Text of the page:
But the cash lost this weekend in refunds and the like will mean even less budget than usual is available for Silverstone to invest in infrastructure to improve the situation. The facility is never going to receive the trailer-loads of public money that some of the newer F1 events benefit from, and while a lot of money pumps through a British Grand Prix weekend profit margins after the deduction all of the outgoings (particularly with the race fee) will be very tight. And let's not also forget that, with the possible exception of Japan, no other F1 venue is ever likely to face such challenges from the elements as Silverstone. And while some have pointed at the money spent on the new paddock complex as evidence of scrambled priorities, we in reality cannot criticise the track's owners for building that first as without it they probably would not have retained the F1 race at all.

But it can't be denied that investigation into what went wrong and what feasibly can (and ideally cheaply) be improved is a necessity. In the absence of determined facts proposed solutions at this stage have to be tentative. For what it's worth, whenever I've been stuck in similar queues and jams in the past it's struck me in most cases that while the traffic at the venue itself gets a lot of focus, anything more than a mile of so away gets very little attention and it is sometimes there that a lot of the problems lie. Often a steward at a junction 'troublespot' further away to manage traffic and wave people through makes all of the difference. I've no idea whether this was the case at Silverstone yesterday but it's nevertheless worth looking at. Another option is to look at the possibility of reducing the numbers of cars that arrive at the venue itself. Indeed, I recall during Donington Park's abortive attempt at holding the British Grand Prix their plan was to have no cars at all enter the circuit site. Instead, a myriad of shuttle-buses was intended to take people to and from the local railway station. Obviously, that never happened, but I wonder if any of their ideas can be salvaged for use at Silverstone, at least for use in-part.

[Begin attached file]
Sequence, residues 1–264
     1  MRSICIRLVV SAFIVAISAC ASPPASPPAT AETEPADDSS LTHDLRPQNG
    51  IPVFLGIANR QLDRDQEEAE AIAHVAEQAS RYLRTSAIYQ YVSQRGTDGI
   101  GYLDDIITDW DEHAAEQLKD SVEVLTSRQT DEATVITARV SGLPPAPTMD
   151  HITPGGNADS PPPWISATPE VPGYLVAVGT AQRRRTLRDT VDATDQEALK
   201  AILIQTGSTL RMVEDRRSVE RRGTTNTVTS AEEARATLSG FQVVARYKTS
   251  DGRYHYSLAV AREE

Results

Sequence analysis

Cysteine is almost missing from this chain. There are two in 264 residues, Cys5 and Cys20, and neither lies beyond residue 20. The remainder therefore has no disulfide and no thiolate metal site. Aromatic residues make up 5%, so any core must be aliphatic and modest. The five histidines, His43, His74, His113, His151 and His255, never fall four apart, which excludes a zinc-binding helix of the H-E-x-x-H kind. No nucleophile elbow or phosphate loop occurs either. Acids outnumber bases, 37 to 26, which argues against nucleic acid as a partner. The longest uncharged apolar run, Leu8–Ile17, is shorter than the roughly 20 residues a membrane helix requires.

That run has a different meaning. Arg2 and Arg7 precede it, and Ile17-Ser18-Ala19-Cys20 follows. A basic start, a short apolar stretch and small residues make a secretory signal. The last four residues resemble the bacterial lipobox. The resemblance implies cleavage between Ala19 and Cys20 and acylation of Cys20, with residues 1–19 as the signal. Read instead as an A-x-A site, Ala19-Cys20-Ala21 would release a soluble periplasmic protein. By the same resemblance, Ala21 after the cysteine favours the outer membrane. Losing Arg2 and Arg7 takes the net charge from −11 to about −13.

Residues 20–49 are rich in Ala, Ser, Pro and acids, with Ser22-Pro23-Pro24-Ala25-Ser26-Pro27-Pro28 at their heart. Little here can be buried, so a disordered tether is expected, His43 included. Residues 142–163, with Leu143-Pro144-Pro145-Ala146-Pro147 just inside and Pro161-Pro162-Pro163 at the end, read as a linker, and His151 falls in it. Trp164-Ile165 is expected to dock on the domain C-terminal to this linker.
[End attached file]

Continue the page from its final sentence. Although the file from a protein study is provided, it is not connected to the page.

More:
That the problems on Friday were compounded by the scarcity of cars on track for both Friday practice sessions to entertain the many hardy souls in the grandstands who had made it in is doubly galling however. Of course, drivers not wanting to smash their cars up in the sodden conditions was part of it and is unavoidable, but more of the reason is that the regulations allow only for three sets of wet-weather tyres per car for a whole weekend. In such circumstances an extra set of intermediates is made available for each car on a Friday, but yesterday that was irrelevant as the track was too wet for them. Pirelli's Paul Hembery said he could have brought more wets in quickly from the company's distribution point in Didcot, but for whatever reason no agreement was made on that. Quite why such tyre restrictions exist in the first place isn't clear. I'd assume it came into being as some kind of cost-saving measure. But when it manifests itself only to give the folks who ultimately bring the money to the sport in the first place an empty track to look at when they're also being rained on it all seems rather bone-headed.

All in all, it's been a bad weekend for Silverstone and for the sport. Neither institution needs me to tell them that lessons must be learned.

1 comment:

  1. "But the cash lost this weekend in refunds and the like will mean even less budget than usual is available for Silverstone to invest in infrastructure to improve the situation."

    I would be more than a bit surprised if Silverstone's incompetency stretched to not being insured against the sort of chaos and strife that has occurred this weekend. Therefore, I doubt they will be massively out of pocket, if at all.